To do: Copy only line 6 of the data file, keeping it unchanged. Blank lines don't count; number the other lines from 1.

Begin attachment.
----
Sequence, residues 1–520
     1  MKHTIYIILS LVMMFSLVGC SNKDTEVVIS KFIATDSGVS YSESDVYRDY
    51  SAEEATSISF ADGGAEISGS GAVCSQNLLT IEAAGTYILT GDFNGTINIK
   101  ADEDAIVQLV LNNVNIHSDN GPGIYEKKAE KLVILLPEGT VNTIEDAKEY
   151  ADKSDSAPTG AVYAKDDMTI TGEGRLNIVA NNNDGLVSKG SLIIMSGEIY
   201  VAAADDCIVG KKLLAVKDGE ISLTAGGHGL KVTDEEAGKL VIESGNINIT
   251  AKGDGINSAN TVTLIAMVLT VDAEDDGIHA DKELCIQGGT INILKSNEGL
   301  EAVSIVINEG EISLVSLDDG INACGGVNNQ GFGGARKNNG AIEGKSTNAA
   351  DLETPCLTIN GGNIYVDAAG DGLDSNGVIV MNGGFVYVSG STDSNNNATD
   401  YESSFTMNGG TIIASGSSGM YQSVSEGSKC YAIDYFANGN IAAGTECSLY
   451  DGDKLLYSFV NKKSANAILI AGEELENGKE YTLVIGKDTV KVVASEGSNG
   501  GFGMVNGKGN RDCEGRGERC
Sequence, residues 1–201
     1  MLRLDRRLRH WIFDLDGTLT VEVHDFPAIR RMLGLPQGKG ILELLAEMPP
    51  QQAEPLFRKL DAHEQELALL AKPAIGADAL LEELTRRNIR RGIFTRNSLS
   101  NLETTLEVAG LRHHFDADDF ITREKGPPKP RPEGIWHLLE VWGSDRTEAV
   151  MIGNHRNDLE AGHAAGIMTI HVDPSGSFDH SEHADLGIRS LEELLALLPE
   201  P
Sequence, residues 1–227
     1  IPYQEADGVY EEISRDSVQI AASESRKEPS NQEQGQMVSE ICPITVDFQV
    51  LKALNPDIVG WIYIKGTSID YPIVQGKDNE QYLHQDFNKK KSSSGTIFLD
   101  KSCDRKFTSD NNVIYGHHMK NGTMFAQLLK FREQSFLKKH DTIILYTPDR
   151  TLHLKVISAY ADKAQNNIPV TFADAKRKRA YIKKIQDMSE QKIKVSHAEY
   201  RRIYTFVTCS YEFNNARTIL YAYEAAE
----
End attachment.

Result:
   201  VAAADDCIVG KKLLAVKDGE ISLTAGGHGL KVTDEEAGKL VIESGNINIT